The immune system can be stimulated by microbial molecules as well as by endogenously derived danger/alarm signals of host origin. Using the lepidopteran model insect Galleria mellonella, we recently discovered that fragments of collagen IV, resulting from hydrolysis by microbial metalloproteinases, represent danger/alarm signals in insects. Here, we characterized immune-stimulatory peptides generated by thermolysin-mediated degradation of collagen IV using nanospray ionization Fourier transform ion cyclotron resonance mass spectrometry (FTICR MS) after separation by nanoscale liquid chromatography (nanoLC). The combination of FTICR MS analysis and de novo peptide sequencing resulted in the identification of 38 specific collagen IV fragments of which several peptides included the integrin-binding motif RGD/E known from numerous mammalian immune-related proteins. Custom-synthesized peptides corresponding either to the presently identified collagen peptide GIRGEHyp or to a well-known integrin-binding RGD peptide (GRGDS) were injected into G. mellonella to determine their immune-stimulatory activities in vivo. Both peptides stimulated immune cells and systemically the expression of lysozyme and a specific inhibitor of microbial metalloproteinases. Further examination using specific MAP kinase inhibitors indicated that MEK/ERK and p38 are involved in RGD/E-mediated immune-signaling pathways, whereas JNK seems to play only a minor role.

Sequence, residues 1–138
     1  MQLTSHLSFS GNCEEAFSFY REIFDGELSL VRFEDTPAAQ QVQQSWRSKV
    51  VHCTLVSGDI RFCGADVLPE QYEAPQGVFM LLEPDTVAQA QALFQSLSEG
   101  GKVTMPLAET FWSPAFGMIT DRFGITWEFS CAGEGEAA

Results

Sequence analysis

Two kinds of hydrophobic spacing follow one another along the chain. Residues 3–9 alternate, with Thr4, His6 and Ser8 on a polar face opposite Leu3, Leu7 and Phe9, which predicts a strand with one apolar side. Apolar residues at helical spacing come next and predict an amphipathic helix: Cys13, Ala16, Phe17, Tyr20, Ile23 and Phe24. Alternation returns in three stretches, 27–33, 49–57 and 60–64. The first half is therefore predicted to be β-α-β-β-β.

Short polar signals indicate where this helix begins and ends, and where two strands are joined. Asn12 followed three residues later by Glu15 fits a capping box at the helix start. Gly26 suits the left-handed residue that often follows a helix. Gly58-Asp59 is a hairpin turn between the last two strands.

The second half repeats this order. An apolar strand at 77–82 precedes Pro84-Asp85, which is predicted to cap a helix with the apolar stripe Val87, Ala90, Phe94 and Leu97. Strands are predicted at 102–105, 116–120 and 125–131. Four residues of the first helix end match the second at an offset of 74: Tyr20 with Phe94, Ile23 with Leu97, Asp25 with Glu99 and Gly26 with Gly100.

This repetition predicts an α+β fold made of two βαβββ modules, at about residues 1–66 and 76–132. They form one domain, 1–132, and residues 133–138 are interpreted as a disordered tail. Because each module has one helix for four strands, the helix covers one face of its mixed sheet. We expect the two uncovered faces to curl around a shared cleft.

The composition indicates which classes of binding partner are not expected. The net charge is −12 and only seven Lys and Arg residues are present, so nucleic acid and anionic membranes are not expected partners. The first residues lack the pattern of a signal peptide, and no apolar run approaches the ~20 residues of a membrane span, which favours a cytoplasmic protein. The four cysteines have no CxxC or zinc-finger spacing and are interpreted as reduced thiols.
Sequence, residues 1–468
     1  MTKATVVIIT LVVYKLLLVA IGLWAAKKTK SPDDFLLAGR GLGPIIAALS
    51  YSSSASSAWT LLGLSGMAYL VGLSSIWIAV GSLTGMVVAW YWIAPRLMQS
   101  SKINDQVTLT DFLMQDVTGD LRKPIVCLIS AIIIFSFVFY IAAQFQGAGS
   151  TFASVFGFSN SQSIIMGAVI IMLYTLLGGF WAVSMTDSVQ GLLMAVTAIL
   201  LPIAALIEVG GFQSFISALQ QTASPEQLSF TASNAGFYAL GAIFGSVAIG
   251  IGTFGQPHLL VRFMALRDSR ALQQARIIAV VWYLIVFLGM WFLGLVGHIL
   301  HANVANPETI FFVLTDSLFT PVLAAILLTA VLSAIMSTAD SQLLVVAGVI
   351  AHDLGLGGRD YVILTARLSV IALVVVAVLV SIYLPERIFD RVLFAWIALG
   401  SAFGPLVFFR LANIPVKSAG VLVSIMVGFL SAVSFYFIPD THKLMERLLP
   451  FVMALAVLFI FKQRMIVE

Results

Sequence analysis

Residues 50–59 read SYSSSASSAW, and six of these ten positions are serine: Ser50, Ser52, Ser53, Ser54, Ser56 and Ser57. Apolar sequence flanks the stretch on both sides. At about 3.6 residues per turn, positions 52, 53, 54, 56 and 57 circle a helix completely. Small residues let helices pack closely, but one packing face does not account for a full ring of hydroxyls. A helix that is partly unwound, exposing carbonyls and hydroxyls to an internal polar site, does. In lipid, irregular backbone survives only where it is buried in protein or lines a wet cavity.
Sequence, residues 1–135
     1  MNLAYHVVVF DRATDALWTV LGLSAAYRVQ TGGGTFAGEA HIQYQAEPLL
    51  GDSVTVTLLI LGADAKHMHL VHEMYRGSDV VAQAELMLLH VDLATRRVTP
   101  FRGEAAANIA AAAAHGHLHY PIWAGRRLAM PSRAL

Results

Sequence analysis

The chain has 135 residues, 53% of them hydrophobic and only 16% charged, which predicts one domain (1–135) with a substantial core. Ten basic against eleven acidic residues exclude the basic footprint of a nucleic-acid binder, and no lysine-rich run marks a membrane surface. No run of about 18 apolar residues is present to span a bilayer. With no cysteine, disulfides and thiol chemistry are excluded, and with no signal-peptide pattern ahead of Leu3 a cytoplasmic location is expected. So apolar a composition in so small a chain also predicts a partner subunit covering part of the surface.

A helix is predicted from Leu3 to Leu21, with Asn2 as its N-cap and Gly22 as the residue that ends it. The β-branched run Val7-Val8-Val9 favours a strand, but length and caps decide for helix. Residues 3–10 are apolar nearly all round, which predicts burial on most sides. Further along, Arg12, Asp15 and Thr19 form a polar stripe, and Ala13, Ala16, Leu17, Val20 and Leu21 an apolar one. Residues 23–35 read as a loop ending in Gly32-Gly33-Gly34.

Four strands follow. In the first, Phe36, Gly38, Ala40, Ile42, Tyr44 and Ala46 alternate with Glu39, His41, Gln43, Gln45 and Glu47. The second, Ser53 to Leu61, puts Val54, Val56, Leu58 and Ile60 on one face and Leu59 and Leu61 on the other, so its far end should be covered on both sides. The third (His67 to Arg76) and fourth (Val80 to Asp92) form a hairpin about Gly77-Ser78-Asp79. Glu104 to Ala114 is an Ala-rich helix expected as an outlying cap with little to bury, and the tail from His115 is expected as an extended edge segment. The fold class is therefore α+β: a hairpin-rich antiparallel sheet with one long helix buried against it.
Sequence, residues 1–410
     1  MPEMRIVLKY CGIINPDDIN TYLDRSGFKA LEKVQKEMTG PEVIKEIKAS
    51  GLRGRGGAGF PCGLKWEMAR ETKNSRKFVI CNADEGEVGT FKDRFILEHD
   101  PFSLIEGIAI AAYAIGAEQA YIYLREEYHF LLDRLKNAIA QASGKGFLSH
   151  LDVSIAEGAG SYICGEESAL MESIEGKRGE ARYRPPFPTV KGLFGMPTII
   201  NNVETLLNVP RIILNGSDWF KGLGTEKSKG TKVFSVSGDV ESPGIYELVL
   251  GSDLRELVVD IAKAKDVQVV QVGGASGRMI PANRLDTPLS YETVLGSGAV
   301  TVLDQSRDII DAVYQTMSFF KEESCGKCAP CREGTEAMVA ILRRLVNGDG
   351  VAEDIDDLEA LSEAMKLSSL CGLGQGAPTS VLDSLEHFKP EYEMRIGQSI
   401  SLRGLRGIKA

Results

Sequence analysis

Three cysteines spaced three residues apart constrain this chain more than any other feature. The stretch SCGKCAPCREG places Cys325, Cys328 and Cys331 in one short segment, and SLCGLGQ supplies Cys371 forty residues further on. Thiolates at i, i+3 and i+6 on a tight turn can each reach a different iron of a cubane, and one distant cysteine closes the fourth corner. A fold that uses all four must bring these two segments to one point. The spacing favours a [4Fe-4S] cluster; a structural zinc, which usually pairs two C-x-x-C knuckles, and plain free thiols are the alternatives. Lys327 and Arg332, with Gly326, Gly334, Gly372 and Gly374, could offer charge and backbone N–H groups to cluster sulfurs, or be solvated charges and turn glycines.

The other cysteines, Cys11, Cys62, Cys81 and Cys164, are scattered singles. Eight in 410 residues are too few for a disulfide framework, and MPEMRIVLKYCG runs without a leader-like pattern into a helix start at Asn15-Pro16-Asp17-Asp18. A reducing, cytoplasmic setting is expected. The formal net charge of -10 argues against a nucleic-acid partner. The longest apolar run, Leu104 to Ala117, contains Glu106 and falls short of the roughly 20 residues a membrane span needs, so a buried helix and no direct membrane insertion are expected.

©2009 by Walter de Gruyter Berlin New York